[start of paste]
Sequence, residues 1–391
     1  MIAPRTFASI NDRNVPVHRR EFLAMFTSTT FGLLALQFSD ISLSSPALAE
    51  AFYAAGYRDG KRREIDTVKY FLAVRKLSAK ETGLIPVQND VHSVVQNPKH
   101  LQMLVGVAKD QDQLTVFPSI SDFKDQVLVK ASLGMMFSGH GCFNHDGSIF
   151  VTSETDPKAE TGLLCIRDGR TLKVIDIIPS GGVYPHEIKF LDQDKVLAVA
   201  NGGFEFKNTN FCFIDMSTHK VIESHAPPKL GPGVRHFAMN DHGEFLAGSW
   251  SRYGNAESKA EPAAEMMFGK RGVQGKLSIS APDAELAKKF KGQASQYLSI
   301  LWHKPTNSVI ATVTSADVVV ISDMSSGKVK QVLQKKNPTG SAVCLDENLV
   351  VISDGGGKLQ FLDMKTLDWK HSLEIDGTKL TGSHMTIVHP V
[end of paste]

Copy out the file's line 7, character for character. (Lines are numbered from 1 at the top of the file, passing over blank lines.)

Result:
   251  SRYGNAESKA EPAAEMMFGK RGVQGKLSIS APDAELAKKF KGQASQYLSI